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Ripon mosquito Found to have West Nile Virus

West Nile Virus is here again. 

On Thursday, the San Joaquin County Mosquito and Vector Control District announced that mosquitoes that tested positive for the virus – which can be transmitted to humans and can be deadly in certain populations – have been discovered in San Joaquin County. 

The West Nile Virus positive mosquitoes were discovered in traps that were set in both Ripon and Tracy. 

The discovery and subsequent announcement of its arrival came less than a week before the disclosure that mosquitoes had tested positive for the virus last year on June 17. 

“This find serves as a reminder that mosquitoes carry disease that can harm humans. The District does its part in controlling mosquitoes; however, mosquito control is everyone’s responsibility,” said Aaron Devencenzi, Public Information Officer of the District. “Adult mosquito control activities will increase in accordance with our surveillance results.”

With last year being the worst year for concentration of the virus in and around San Joaquin County since 2014 – with a 125 percent spike in the number of confirmed cases of the virus in humans coming between August and September – spraying efforts continued well into the fall in order to eradicate the adult populations that transmit the virus. 

Last year it took just one month after the virus was first detected in traps monitored by the district before a case was confirmed in a human being, although none of the cases proved to be fatal. The disease claimed the lives of people in San Joaquin in 2013 and 2014. 

Routine spraying of rural areas where adult mosquito populations are plentiful have been underway in the county for months, with aerial spraying currently underway along the Mokelumne River in and around Lodi, Acampo, and Woodbridge, while ground spraying continues throughout the rest of the county. 

Rural South Manteca and West Ripon were sprayed back in April and May and will likely be targeted again as the summer progresses. The district also performs spot sprays where virus-heavy mosquitoes are detected. 

And residents are also urged to be aware of “daytime biting” mosquitoes that are a different concern to the agency than the traditional mosquitoes that carry and transmit West Nile Virus.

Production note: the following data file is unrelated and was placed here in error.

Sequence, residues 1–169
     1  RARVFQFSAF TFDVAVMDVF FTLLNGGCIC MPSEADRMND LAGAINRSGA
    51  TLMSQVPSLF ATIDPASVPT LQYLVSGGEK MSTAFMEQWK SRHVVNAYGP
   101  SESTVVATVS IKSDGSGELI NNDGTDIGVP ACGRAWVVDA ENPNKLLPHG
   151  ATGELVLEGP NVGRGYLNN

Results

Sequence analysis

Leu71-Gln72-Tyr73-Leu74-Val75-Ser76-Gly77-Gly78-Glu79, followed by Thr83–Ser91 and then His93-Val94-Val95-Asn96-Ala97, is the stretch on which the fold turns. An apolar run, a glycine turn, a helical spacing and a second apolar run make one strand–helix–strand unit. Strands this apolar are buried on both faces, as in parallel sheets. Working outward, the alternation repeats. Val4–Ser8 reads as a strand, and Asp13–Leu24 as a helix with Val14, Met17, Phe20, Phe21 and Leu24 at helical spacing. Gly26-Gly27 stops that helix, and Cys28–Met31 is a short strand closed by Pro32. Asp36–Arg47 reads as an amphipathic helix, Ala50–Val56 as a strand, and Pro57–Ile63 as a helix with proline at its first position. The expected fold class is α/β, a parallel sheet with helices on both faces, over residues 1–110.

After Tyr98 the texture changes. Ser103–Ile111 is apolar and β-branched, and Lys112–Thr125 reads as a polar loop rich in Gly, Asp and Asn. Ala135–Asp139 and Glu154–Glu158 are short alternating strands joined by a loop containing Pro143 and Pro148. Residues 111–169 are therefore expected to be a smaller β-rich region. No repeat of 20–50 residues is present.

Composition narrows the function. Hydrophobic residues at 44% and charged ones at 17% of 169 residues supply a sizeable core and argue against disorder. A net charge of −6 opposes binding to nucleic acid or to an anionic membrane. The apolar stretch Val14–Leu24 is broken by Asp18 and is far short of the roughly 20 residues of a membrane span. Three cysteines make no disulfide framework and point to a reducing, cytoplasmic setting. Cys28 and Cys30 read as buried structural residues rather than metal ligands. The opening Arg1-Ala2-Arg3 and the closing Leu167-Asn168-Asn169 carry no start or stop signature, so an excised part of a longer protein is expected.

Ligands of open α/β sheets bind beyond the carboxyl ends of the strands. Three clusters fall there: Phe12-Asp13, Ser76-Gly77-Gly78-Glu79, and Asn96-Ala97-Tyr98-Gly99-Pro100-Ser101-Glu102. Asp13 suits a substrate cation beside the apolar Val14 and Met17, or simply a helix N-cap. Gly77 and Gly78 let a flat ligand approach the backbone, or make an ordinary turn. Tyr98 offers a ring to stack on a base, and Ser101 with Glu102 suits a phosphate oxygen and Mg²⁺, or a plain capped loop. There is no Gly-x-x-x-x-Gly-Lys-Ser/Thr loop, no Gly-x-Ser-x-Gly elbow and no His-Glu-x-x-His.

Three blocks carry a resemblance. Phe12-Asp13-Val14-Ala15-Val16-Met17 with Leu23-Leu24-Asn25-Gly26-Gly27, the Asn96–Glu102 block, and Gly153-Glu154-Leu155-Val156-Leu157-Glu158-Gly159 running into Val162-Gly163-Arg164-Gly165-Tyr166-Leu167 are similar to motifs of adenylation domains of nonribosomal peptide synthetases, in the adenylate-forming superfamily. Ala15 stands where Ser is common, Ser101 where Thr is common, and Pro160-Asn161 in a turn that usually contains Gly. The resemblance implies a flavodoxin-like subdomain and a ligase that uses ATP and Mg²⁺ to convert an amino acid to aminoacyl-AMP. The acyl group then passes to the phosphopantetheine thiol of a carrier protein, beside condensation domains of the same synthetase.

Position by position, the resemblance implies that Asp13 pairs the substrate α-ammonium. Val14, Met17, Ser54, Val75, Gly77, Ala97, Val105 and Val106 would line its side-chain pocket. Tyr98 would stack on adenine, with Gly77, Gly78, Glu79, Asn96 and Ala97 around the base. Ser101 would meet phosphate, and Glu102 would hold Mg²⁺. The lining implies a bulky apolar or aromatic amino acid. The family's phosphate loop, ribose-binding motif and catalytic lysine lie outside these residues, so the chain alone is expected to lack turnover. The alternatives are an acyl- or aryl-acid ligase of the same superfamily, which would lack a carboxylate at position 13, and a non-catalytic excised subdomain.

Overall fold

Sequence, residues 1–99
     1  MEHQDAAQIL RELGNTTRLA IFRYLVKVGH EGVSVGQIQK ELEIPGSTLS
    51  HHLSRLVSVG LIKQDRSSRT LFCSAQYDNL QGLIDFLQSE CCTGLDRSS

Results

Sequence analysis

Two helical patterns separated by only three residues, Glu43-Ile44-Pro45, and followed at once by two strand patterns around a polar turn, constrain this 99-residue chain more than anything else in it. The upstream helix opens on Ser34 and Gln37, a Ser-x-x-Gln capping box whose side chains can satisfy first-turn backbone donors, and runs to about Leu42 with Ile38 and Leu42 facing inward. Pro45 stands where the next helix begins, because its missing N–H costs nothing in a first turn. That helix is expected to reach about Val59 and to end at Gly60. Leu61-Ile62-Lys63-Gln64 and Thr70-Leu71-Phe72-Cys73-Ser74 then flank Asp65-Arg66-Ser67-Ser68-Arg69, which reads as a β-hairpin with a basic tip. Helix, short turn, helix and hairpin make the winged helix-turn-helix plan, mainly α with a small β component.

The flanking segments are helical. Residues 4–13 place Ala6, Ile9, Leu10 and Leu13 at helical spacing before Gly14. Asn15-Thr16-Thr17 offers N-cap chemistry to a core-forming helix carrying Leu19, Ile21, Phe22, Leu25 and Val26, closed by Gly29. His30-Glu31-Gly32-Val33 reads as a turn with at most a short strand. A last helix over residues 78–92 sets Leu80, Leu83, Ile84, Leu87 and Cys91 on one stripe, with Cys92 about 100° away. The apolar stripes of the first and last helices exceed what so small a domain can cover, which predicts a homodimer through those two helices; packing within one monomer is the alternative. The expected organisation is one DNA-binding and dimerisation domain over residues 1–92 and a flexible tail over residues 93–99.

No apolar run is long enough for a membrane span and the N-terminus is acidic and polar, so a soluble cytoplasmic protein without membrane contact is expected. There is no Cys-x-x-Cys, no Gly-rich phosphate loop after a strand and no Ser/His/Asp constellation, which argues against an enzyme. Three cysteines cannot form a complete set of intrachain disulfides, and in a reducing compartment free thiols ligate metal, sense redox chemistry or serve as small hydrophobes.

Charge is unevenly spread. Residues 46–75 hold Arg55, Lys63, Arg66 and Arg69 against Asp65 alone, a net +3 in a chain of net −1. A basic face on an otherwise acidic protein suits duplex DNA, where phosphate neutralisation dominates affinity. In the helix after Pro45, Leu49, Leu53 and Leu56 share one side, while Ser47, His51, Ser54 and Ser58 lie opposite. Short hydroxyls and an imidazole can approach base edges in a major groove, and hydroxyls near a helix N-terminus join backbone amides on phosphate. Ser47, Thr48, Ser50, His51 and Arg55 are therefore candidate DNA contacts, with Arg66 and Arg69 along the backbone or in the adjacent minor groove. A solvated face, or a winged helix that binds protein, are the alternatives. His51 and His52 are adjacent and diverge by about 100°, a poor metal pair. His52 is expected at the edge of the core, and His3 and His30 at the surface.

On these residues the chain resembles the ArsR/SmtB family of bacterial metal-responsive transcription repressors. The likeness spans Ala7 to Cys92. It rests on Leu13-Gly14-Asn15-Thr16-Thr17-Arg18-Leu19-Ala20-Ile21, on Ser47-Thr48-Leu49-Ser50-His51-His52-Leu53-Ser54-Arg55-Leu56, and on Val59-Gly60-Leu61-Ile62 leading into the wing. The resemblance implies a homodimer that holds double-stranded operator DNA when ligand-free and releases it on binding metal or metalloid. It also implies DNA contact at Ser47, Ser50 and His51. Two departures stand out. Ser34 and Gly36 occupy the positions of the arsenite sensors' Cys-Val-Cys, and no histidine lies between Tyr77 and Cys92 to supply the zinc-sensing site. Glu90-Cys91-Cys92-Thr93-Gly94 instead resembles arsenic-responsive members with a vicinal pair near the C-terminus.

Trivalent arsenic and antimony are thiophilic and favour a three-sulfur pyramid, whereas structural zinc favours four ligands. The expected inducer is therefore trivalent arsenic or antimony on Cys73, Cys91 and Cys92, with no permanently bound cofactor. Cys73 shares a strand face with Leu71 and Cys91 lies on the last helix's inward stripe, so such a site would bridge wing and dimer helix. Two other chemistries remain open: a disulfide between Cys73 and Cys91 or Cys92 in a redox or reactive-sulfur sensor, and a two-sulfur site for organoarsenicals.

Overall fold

In addition to mosquitoes that carry and transmit West Nile Virus which bite mostly at dawn and at dusk, the “yellow fever” mosquito was first detected in Merced County in September 2017 while the “Asian tiger mosquito” is still a concern. The district is requesting that any daytime mosquito bites be reported to them for tracking and potential response and eradication – both mosquito types can carry a variety of mosquito-borne diseases including dengue, yellow fever, chikungunya, and Zika. 

Other mosquito varieties that have been detected in the area can also bite during the day, but the concern over the serious illnesses carried by those two species are of ultimate concern. 

In order to prevent mosquito-borne illnesses from spreading, the district encourages people to take a number of steps to prevent themselves being bitten and being mindful of the hours in which mosquitoes are most active – typically dusk and dawn. 

Those include:

Checking your property for standing water and eliminating it as needed. Abandoned swimming pools were a major breeding ground for mosquitos during the economic downturn, but something as small as an old tire or a bucket that has collected rain or sprinkler water can provide the environment necessary for mosquitos to breed. 

Applying mosquito repellant that contains the ingredients DEET or Picaridin when outdoors in accordance with usage instructions. 

Avoiding being outside when mosquitoes are the most active, which is typically at dawn and at dusk, and especially for the first two hours after sunset. 

Wearing long pants, long-sleeved shirts, and other protective clothing when forced to be outdoors – especially during peak activity times. 

Making sure that windows and doors have tight-fitting screens to keep active mosquitoes outside of the home. 

The virus is typically carried by birds and transmitted by mosquitos who feed on their carcasses and then bite humans. The State of California has a website to report dead birds for removal and subsequent study that can be found at 

To report unusually strong mosquito infestations or daytime biting contact the San Joaquin Mosquito and Vector Control District at 209.982.4675 or visit them on the web at